Discover Sagres: The best of the Algarve's wild west
It's one of Britain's favourite holiday spots, but many visitors to the Algarve don't stray too far from the central and eastern parts of Portugal's southern coast. In truth, you're missing a trick by not heading west - far west - to the very edge of continental Europe.
Out here in the Algarve's wild west, you've got seemingly endless Atlantic beaches, sleepy villages, eucalyptus forests, superb long-distance walking trails, and fabulous food. Here are a few reasons why west is best.
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Start off in Sagres
The harbour town of Sagres is small but it packs a punch. Look out for echoes of its Moorish past as you walk past low-rise whitewashed houses.
Your wanderings will eventually lead you to the southernmost tip where an 18th-century fortress hovers over a rocky outcrop and offers wonderful views of the coastline.
Three sandy beaches - Praia do Tonel, Praia da Mareta and Praia da Baleeira - are tucked beneath the cliffs.
Get a little more beach for your buck by walking another 15 minutes to the east, where you'll have the calm waters and wide expanse of Praia do Martinhal to relax on and enjoy the views from the beach bars. They're just a taste of what's to come.
Be prepared for some seriously beautiful beaches
Towering cliffs, crashing waves, soft sands ranging in tones from gold to terracotta - it's all high drama along the Algarve's Atlantic coast beaches.
Many of these wild, windswept spots won't have anything as fancy as a beach bar or rows of sun loungers. Lose yourself in the wilderness of Praia do Telheiro and Praia da Ponta Ruiva, which, like many of these beaches, require a bit of effort to reach them.
Others are easier to get to but no less compelling. There's plenty of space to colonise at Praia da Bordeira, which, in spite of its 2 km of golden sands, has only one beach bar and little else.
Novice or pro, give the waves a go
With those huge Atlantic breakers, it's not surprising that the Algarve is one of Europe's top spots for surfing. Praia da Bordeira is one of the favourites among surfers, thanks in part to its proximity to cool places to stay and eat.
If you're new to the sport, hire a board and get some lessons somewhere along the vast sands of Praia do Amado just to the south of Praia da Bordeira. Even though the beach is popular all year round, there's little chance that it'll feel crowded.
Get a taste of village life
Beach lovers make a beeline for Carrapateira, which is in a handy spot just south of Praia da Bordeira and a half-hour walk from Praia do Amado.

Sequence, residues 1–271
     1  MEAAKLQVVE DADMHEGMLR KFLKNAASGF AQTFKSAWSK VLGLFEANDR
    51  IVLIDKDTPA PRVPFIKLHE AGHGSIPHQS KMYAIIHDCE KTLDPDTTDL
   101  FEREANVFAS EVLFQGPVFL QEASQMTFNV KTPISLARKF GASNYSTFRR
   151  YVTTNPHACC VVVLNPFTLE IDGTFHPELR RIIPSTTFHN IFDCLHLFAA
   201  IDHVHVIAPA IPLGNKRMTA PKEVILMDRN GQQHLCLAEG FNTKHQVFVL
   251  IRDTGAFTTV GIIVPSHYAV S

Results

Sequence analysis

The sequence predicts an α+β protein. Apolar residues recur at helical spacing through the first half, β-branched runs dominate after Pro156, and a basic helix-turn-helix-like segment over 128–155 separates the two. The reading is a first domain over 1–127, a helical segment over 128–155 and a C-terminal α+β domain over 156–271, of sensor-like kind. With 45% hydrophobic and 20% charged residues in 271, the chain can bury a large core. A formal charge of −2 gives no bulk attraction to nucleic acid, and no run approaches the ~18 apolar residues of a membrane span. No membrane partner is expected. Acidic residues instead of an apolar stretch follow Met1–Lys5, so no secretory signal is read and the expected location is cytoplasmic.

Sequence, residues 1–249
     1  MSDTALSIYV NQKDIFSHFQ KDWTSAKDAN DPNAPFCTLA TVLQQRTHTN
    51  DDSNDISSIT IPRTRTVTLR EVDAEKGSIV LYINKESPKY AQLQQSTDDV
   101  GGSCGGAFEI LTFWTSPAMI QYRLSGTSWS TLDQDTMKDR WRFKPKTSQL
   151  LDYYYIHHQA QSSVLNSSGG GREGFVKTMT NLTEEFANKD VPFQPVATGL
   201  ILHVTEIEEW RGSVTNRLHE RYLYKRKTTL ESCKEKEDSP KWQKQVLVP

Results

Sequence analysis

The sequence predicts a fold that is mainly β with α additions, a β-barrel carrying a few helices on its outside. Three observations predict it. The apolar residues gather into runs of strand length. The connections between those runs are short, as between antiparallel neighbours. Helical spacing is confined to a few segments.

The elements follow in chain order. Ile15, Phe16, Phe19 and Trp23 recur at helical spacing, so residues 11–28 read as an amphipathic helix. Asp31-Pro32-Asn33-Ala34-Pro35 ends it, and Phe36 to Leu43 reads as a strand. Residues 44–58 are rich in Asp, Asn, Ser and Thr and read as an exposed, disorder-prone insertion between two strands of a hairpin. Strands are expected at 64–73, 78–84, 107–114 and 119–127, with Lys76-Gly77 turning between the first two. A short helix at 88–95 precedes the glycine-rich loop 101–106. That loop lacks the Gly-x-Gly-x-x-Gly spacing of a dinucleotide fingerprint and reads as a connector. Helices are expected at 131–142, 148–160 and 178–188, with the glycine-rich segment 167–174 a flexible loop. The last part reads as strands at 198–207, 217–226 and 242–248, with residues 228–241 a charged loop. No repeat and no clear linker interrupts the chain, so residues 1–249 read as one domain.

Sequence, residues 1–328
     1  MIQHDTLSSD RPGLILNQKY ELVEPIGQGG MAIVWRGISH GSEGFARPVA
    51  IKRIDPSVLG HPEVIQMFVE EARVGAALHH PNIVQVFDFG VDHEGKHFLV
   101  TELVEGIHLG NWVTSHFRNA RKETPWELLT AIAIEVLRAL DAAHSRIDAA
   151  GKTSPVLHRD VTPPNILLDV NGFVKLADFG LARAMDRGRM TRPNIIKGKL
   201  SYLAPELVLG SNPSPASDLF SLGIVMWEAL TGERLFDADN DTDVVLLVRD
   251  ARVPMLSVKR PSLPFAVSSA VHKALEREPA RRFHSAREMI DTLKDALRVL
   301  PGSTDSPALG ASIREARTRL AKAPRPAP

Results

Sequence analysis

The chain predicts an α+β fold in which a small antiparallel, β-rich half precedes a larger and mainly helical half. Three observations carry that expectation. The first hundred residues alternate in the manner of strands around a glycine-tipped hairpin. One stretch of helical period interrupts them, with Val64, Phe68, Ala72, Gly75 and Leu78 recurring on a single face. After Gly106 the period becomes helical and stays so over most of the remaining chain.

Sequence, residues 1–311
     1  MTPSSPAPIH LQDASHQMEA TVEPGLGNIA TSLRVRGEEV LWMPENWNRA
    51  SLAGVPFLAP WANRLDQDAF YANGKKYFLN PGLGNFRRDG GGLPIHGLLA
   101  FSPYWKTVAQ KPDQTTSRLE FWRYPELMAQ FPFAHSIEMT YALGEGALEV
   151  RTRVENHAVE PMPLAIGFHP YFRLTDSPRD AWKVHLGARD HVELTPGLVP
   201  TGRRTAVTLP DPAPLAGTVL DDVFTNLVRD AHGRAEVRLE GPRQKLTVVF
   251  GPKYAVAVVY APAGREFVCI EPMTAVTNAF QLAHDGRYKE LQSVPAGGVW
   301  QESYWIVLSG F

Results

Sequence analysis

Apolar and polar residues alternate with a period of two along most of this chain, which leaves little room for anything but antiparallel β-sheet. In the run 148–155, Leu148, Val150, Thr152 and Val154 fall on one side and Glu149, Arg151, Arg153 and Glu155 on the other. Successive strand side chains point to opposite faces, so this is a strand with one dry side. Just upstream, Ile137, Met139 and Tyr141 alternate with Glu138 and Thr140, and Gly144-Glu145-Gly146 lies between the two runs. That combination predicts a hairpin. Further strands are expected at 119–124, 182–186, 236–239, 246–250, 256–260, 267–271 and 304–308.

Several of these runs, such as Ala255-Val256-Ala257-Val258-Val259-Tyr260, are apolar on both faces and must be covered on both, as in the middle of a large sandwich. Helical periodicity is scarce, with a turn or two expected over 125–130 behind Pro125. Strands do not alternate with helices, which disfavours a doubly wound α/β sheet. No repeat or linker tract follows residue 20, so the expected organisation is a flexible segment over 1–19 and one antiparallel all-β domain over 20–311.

There's a bit of a hippie vibe in this laid-back village of bright whitewashed houses that look rather like a Tunisian toy town.
There's a little museum chronicling life at sea, but apart from that, it's a place to kick back with a coffee in the cute little square when you're not sprawled on the beach.
Take a walk on the wild side
It's been going only since 2016, but the Rota Vicentina has already become one of Europe's superior long-distance hiking trails.
Two existing networks of walking paths - the Fishermen's Trail and the Historical Way - were joined to create the Rota Vicentina, which meanders for nearly 400 km from the Alentejo region to the southern tip of the Algarve.
It takes in everything from scented eucalyptus and cork forests and flower-filled meadows to breathtaking walks along Atlantic cliffs and alongside gorgeous beaches.
The route has been superbly waymarked and organised, so that even the most hopeless map-reader shouldn't get lost. There are quite a few circular routes to choose from, and if you plan to tackle the whole trail, you can break it up into chunks of 25 km a day.
Walk to the very edge of the continent
The ancient Greeks called Cabo São Vicente the end of the earth. They weren't quite right, but this forbidding limestone cliff has another claim to fame: it's the most southwesterly point of continental Europe. Next stop - New York.
If you're walking the Rota Vicentina, you'll end up at Cabo São Vicente, also known as Cape Saint Vincent, whose lighthouse can be seen long before you reach it.
Although it's still the goal for pilgrims on the route, nowadays it's a popular spot on the tourist trail, with buses and coaches coming from all over the region.
There's a bit of a carnival atmosphere among the food and market stalls - not to mention the chance to buy the last authentically German bratwurst before America.
Savour the flavours of the Algarve
You won't go hungry here. Carnivores will already know about the piquant delights of piri-piri chicken, where the extra-spicy sauce is served on the side so you can have it as hot as you like.
There's also the Portuguese way of cooking chorizo, which is flambéed at the table in its own little terracotta pot - usually in the shape of a pig.
Then there's the seafood and fresh fish. Sardines are the local speciality, and the best way to enjoy them is to have them simply grilled.
Enjoy the best of both worlds with a pork and clam cataplana. It's named after the vessel it's cooked in, a large wok-like lidded pot that seals all the juices and flavours of the meat and seafood as they're cooking.
Fancy exploring wild Sagres? Check out the latest deals on holidays to the Algarve with First Choice, which departs from airports across the UK, all year round.
Whether you're tempted by tasty treats or keen to hit the hiking trails, Sagres has loads to offer those looking to experience a more rustic, wilder side of Portugal. You can check out the weather in Sagres, and the Algarve, to see when we think is the best time to go to help you get planning today.
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